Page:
The levels of some forms of particulate air pollution (PM2.5 in particular) present inside of car cabins while driving are up to twice as high as previously estimated, according to a new study that was performed as part of the Atlanta Commuter Exposures (ACE) Study.
To put that in way that’s perhaps clearer, many earlier studies have relied upon traffic pollution sensors placed on the ground alongside the road for their data, whereas the new study utilized specially designed sampling devices placed into the passenger seats of cars during rush hour commutes in downtown Atlanta in the morning.
These in-car sensors detected levels of particulate air pollution up to two times higher than the levels detected by the roadside sensors. Interestingly, the sensors also revealed that the air pollution contained around twice the amount of oxidative-stress-causing chemicals as previously thought. The chemicals in question are known to be associated with the development of numerous cardiovascular, respiratory, and neurodegenerative diseases, as well as various cancers.
“We found that people are likely getting a double whammy of exposure in terms of health during rush-hour commutes. If these chemicals are as bad for people as many researchers believe, then commuters should seriously be rethinking their driving habits,” commented Michael Bergin, professor of civil and environmental engineering at Duke University.
The first author of the new paper, Heidi Vreeland, commented as well: “There are a lot of reasons an in-car air sample would find higher levels of certain kinds of air pollution. The chemical composition of exhaust changes very quickly, even in the space of just a few feet. And morning sun heats the roadways, which causes an updraft that brings more pollution higher into the air.”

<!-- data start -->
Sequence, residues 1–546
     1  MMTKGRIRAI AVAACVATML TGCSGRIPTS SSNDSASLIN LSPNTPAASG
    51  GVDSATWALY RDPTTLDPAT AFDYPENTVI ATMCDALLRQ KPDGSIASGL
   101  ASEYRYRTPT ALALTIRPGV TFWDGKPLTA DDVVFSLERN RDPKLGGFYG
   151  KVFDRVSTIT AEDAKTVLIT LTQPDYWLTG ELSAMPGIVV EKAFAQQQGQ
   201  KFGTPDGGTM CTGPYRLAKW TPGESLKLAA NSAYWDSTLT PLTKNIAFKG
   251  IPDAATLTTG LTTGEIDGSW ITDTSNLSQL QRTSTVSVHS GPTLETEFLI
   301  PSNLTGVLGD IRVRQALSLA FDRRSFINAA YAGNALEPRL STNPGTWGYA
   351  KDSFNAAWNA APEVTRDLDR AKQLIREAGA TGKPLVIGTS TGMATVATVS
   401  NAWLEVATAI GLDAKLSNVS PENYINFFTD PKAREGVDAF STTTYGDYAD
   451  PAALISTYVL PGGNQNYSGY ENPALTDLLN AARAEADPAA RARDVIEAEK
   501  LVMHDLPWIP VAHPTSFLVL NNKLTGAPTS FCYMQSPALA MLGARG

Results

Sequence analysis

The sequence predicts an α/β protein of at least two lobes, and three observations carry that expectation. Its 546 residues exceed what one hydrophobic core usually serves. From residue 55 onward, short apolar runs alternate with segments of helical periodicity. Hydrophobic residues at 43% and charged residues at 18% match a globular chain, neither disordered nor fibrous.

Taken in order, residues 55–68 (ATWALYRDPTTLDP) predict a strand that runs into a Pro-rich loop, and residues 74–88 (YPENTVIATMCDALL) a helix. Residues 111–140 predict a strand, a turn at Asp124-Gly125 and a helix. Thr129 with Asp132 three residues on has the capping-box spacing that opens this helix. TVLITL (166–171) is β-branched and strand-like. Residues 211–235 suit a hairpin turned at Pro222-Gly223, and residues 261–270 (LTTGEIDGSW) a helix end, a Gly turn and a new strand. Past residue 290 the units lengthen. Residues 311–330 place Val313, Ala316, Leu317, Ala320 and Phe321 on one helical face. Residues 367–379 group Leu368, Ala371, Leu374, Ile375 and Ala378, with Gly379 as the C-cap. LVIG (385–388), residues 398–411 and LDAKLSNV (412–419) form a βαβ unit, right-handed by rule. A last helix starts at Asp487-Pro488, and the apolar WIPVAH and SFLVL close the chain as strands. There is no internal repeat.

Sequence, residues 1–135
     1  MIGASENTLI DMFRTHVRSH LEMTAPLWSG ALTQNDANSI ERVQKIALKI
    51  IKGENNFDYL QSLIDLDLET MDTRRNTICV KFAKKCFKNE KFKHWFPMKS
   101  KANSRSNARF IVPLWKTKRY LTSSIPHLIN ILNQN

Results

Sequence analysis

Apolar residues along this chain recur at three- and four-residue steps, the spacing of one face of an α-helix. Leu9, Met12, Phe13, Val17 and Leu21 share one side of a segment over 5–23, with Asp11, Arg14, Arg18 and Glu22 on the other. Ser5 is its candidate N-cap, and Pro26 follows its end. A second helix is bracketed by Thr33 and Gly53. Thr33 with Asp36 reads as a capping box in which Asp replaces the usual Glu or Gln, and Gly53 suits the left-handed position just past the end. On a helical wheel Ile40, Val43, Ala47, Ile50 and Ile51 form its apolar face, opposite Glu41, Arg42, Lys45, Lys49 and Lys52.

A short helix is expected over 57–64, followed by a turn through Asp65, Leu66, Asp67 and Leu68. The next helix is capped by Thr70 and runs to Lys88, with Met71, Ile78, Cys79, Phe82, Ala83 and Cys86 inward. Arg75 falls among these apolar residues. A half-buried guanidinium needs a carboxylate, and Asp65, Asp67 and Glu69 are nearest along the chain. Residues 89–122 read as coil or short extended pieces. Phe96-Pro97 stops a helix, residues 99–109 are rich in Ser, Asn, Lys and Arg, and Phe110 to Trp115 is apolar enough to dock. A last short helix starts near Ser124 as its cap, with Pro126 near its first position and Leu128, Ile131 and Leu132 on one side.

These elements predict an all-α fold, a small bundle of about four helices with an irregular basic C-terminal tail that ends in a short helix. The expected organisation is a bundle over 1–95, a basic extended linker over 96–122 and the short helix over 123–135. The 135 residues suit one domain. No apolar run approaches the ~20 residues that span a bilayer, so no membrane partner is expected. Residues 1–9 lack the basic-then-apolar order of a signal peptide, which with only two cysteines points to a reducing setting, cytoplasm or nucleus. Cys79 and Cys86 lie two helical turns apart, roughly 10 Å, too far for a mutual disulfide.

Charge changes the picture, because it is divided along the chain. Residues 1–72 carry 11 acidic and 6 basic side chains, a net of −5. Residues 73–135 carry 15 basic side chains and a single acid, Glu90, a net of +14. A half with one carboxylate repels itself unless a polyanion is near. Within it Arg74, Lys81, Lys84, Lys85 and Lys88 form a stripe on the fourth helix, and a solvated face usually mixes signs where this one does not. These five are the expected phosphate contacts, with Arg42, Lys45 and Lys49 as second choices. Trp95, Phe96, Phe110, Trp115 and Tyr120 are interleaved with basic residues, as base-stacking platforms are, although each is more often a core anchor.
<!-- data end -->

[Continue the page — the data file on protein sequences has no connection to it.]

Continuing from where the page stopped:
That makes sense, and serves as a good example of why real-world testing and measuring is often so much more valuable than laboratory work — this being the case even when there isn’t a clear intention to either commit fraud or look the other way as it happens, as with diesel vehicle emissions testing in Europe.
Green Car Congress provides some details on the research process: “For the experiment, Roby Greenwald, a research assistant professor at Emory at the time, built a sampling device that draws in air at a similar rate to human lungs to provide detectable levels of pollution. The device was then secured to the passenger seats of more than 30 different cars as they completed more than 60 rush hour commutes.
“Some drivers took highway routes while others stuck to busy thoroughfares in downtown Atlanta. While other details like speed and having windows rolled down varied, all of the sampling found more risk in air exposure than previous studies conducted with roadside sampling devices.
“Reactive oxygen species found by this study can cause the body to produce chemicals to deal with the reactive oxygen. Particulate matter causes the same response. In combination, the exposure triggers an overreaction that can be destructive to healthy cells and DNA.”
In turn, the damage caused by regale oxidative stress is seemingly involved in the development of numerous diseases and developmental disorders, including: too many cancers to name, Alzheimer’s disease, atherosclerosis, Parkinson’s disease, Asperger’s syndrome, ADHD, autism, various types of infections, sickle cell disease, depression, and chronic fatigue syndrome, amongst others.
Study co-author Michael Bergin noted: “There’s still a lot of debate about what types of pollution are cause for the biggest concern and what makes them so dangerous. But the bottom line is that driving during rush hour is even worse than we thought.”
It should be realized here that this is the case whether one is driving an electric car or not — you’ll be exposed to the pollution released by the cars around you and roadway under you anyways. So, while driving an electric car may be better from the perspective of the pollution that one releases themselves, it of course doesn’t shield one from the air pollution all around. A real solution would be to drive less, if possible (I’m aware that this isn’t close to being possible for many in the US). Or, at the very least, try to limit your driving to outside of “rush hour” … if possible.
I suppose that some of those reading this will probably now make mention of high-end air filtering systems — the one available in the Tesla Model X, for instance — and, yes, if you’re rich enough to afford a car with such a system, then the issue doesn’t affect you as much. Everyone else, though…
The new findings are detailed in a paper published in the journal Atmospheric Environment.
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